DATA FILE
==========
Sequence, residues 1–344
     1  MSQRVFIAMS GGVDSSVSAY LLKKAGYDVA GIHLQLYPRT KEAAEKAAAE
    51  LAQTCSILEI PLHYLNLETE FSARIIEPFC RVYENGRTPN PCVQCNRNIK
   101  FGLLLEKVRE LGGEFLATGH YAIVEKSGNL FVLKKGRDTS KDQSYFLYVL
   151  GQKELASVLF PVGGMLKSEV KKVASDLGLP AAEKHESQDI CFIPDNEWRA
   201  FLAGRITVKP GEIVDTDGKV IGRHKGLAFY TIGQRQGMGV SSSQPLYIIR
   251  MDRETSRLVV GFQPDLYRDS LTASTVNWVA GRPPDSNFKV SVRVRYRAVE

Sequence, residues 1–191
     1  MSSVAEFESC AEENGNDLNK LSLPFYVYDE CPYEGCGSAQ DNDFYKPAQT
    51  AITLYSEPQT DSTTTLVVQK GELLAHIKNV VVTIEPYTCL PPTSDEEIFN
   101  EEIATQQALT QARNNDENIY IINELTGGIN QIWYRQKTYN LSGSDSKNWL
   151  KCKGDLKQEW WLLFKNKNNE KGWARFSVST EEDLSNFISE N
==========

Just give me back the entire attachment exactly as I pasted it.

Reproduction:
Sequence, residues 1–344
     1  MSQRVFIAMS GGVDSSVSAY LLKKAGYDVA GIHLQLYPRT KEAAEKAAAE
    51  LAQTCSILEI PLHYLNLETE FSARIIEPFC RVYENGRTPN PCVQCNRNIK
   101  FGLLLEKVRE LGGEFLATGH YAIVEKSGNL FVLKKGRDTS KDQSYFLYVL
   151  GQKELASVLF PVGGMLKSEV KKVASDLGLP AAEKHESQDI CFIPDNEWRA
   201  FLAGRITVKP GEIVDTDGKV IGRHKGLAFY TIGQRQGMGV SSSQPLYIIR
   251  MDRETSRLVV GFQPDLYRDS LTASTVNWVA GRPPDSNFKV SVRVRYRAVE

Sequence, residues 1–191
     1  MSSVAEFESC AEENGNDLNK LSLPFYVYDE CPYEGCGSAQ DNDFYKPAQT
    51  AITLYSEPQT DSTTTLVVQK GELLAHIKNV VVTIEPYTCL PPTSDEEIFN
   101  EEIATQQALT QARNNDENIY IINELTGGIN QIWYRQKTYN LSGSDSKNWL
   151  KCKGDLKQEW WLLFKNKNNE KGWARFSVST EEDLSNFISE N